• Hello. Let’s back up. My “lots of eggs and potato” recommendation will depend on you and your training and body. Right now you are accustomed to not having carbs in your breakfast (as I understand it). As of now, I consider this to be an adaptation thing. Me? I eat carbs at breakfast. You? You do something else but are happy with how you look. Either way, I think if we shifted to the opposite, there would be a series of systemic/hormonal changes that are difficult to gauge for either of us.

      Anyway, aside from the above rhetoric, I’d be curious to know what you eat during the rest of the day. If you’re training in the gym and also doing martial arts, and you pack your carbs around those sessions, then that is what I would deem necessary to perform.

      I give some examples in the book, but these are not requirements, just merely examples of how to approach eating in a day. I don’t like the idea of not eating certain macronutrients at certain times during the day because it usually isn’t best for PERFORMANCE, though it can be good for aesthetics.

      My book, or “methodology” of nutrition is to aid performance in the best way possible while eating quality foods to achieve aesthetic goals. Right now you are accomplishing that, so you shouldn’t have to adjust anything, right?

  7. I really got a lot out of Paleo For Lifters, read it twice, will probably read it again at least one more time, but I always wondered about meal timing. Does it matter? My primary goal is to lose some serious amount of fat while I continue to lift heavy 2x/wk. Also, I do the crossfit 3-4 a week. Is there an optimal meal/macro timing in regards to fat loss?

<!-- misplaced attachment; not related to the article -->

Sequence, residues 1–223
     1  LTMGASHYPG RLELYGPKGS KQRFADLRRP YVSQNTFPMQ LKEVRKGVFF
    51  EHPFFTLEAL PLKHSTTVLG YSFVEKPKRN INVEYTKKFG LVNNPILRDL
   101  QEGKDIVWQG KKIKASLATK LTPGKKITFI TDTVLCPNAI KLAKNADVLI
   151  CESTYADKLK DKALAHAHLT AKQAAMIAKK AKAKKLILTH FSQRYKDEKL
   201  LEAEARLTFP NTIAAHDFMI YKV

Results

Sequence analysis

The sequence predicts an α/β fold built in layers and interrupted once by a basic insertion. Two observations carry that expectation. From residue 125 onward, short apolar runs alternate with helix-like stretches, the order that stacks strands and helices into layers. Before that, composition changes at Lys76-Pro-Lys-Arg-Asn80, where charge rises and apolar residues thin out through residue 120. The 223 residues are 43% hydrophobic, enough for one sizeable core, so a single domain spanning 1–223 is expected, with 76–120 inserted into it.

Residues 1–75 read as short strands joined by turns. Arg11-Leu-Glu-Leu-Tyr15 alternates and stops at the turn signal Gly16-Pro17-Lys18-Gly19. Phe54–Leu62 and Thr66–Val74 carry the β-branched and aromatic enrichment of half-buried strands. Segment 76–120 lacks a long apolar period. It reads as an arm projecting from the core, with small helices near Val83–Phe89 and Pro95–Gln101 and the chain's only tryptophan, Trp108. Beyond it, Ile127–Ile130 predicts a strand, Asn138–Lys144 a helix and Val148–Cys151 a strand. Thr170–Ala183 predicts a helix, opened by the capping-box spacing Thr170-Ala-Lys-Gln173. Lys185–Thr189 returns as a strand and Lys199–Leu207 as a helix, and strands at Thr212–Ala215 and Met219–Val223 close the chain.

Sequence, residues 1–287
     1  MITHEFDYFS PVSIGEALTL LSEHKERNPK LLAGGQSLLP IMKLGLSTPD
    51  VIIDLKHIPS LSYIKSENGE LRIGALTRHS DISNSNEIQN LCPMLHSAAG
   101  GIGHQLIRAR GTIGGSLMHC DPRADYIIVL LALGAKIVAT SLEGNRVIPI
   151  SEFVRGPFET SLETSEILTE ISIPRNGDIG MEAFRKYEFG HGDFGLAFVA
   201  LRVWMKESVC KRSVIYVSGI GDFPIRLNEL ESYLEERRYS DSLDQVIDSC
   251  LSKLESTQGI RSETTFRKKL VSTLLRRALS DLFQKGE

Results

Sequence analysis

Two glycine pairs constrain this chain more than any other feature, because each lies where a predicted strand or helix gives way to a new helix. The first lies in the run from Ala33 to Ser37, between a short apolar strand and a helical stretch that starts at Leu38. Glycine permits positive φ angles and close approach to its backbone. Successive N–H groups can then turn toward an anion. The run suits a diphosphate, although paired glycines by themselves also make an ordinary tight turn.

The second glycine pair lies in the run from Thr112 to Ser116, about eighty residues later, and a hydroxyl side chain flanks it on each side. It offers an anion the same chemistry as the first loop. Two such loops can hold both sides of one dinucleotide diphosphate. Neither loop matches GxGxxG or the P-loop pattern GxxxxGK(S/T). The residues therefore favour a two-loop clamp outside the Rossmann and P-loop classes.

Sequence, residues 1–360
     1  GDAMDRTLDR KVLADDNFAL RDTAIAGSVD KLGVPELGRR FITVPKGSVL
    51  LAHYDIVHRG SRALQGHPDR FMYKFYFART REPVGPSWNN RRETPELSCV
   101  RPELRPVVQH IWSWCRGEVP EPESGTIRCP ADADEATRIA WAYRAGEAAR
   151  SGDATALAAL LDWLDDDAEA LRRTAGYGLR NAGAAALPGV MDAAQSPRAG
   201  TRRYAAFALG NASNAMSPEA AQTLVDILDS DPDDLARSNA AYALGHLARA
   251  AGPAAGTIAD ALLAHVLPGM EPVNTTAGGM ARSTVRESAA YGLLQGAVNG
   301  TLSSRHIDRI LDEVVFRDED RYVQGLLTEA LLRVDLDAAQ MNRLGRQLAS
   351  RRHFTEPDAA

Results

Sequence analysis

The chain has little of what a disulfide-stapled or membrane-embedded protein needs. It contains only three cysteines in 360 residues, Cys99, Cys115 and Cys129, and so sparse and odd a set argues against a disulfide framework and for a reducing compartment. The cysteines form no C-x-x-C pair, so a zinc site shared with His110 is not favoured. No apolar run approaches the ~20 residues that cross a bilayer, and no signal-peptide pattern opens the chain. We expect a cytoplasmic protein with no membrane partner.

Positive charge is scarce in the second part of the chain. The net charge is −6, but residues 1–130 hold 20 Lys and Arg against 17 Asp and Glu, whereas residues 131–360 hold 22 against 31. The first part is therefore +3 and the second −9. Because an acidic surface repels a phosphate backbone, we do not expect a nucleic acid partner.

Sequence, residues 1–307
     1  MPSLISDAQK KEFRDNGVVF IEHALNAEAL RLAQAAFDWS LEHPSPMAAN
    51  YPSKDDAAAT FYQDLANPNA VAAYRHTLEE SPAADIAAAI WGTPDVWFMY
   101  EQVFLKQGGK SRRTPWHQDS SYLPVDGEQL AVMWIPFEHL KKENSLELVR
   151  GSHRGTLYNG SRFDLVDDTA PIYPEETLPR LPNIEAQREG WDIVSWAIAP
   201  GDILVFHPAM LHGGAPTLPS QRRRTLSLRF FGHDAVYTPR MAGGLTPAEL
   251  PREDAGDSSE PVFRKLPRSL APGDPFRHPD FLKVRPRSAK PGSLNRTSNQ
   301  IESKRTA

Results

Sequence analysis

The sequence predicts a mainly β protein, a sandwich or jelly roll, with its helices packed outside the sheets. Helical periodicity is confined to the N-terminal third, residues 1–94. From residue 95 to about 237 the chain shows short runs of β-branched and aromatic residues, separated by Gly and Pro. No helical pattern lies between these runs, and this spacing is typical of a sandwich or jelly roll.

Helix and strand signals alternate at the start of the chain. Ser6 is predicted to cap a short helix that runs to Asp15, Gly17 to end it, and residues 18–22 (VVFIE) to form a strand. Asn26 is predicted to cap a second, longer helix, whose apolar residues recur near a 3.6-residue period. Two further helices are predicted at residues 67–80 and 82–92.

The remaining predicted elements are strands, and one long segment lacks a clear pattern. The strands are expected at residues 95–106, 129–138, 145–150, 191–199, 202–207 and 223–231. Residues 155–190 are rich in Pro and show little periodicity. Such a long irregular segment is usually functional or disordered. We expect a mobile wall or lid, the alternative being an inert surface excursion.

• Look at some of the answers above — I kind of touch on meal timing. Bottom line — daily macros are more important than meal timing. For example, if a dude can’t consistently get 200g of protein each day, then why should we waste time worrying about when to eat it?

      How has your progress been thus far? Timing the macros throughout the day is used by bodybuilders — and they are very successful at it — but it’s not always optimal for performance. The book has some general strategies that I hope you didn’t miss — e.g. get most of your carbs at breakfast and around the training session. Some people have played around with carb backloading (carbs primarily in the evening) though last I saw Lyle McDonald thought it was bullshit. If performance is a concern of yours, I’d always eat your minimum of protein, eat fat to recover, and mostly tweak the carbs for fat loss (fat can be tweaked too, but it’s pretty important for performance).

      • Progress in regards to fat loss, has slowed down to a crawl. I started eating paleo 3 month ago, when I was 290 lbs at 5’10.
        I’m now 270 but obviously still fat. Strength gains have been consistent and significant, most notably my squat pr jump from 415 to 445.

        I’m wondering now after some of the other questions and thinking back to the book, if the free day and maybe eating too low carb during the week could be hindering fat loss?

  8. Hey Justin, should smaller bodied women aim for the same amount of carbs per day as described in the book? Or should they maybe dial it back a bit?

    • That question is kind of vague. As I said, the 100g minimum carbs is kind of the same for everyone to prevent them from going into any kinds of ketosis. I also cite Lyle McDonald’s articles on this — they are very interesting. I do not like ketosis when performance is a concern, so I wouldn’t want the carbs to drop much below 75g/day.